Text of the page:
Furthermore, when health is enshrined in law as a right, it is a public acknowledgement that we make as a society about our collectively held values as a nation. A state which holds health as a fundamental right, for instance, will have to think twice before giving a free run to the pharma lobby on drug pricing.
The question is not so much about the legal enforcement of health as a right as about health-as-a-right being an ever-present guiding principle for government policy in every sphere. This would be a principle that all ministries (not just the health ministry) will need to take into account—including the finance ministry, which, incidentally, is reported to have slashed the 2014-15 health budget by 20% even as the health ministry has been busy putting out an official document proposal health as a right.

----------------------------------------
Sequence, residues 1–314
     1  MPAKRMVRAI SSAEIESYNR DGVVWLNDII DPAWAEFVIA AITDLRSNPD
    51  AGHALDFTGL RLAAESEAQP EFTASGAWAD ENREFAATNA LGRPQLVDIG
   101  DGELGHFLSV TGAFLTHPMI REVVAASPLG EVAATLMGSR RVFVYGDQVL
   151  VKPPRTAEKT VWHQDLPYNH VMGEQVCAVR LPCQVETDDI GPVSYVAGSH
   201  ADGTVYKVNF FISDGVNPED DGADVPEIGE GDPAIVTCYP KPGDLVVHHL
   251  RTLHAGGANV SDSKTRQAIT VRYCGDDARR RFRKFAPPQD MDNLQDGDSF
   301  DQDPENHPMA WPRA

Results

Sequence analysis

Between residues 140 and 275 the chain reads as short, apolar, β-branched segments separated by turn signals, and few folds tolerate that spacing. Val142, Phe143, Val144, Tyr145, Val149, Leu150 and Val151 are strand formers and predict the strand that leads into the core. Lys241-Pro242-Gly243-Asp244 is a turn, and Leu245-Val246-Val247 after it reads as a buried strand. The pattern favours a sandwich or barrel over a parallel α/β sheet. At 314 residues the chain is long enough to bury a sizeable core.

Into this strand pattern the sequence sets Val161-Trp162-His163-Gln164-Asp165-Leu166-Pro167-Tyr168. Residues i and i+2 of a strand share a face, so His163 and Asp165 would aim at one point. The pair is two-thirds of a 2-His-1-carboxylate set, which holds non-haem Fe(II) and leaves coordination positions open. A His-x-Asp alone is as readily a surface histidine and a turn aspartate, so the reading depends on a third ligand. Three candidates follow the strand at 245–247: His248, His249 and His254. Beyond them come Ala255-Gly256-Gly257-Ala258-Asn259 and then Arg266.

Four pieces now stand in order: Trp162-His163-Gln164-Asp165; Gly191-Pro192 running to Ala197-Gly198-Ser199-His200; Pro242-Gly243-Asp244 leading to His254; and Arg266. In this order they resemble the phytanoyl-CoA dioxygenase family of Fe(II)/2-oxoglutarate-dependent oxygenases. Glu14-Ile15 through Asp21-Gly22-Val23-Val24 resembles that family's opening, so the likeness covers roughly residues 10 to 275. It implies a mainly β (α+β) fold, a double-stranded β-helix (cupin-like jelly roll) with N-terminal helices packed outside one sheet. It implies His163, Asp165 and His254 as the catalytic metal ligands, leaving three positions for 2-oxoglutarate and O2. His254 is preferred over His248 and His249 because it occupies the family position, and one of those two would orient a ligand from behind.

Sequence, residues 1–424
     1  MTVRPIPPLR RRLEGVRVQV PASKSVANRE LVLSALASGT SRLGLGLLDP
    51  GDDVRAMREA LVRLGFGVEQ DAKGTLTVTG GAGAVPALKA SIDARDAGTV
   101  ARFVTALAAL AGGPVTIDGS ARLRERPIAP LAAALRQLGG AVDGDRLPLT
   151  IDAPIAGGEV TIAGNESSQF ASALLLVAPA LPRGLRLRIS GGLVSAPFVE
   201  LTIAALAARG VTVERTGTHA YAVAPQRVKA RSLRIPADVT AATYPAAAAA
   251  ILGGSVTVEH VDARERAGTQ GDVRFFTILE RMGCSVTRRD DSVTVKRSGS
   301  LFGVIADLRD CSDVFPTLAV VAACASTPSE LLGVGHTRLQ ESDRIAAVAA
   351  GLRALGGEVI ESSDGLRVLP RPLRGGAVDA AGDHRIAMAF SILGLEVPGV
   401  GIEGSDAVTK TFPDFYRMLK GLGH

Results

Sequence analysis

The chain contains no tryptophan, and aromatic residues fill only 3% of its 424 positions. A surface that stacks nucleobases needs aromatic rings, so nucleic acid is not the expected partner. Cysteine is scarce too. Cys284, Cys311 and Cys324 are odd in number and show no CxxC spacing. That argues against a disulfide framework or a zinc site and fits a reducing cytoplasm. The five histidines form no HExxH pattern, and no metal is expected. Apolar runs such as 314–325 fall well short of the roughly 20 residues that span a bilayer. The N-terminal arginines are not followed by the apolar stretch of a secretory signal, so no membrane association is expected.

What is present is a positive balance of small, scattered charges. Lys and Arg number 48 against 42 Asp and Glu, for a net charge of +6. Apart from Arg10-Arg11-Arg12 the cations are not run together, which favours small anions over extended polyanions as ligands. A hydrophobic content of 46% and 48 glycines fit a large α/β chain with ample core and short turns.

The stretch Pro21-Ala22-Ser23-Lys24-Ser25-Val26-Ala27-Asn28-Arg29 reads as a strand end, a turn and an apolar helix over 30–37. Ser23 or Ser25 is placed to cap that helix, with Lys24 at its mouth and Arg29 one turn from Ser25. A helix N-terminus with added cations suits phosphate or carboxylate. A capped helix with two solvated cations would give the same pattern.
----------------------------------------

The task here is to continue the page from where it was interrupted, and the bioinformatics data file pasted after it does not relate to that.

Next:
Also, given that most nations are now moving towards a commitment to some form of universal health coverage, there is, indeed, a strong case to be made for making health a fundamental right.
At the end of the day, in a country where 63 million people slip back into poverty due to catastrophic healthcare costs, it is hard not to see the logic of legally mandating health as a right, and thereby empowering the citizen to hold the state accountable for it.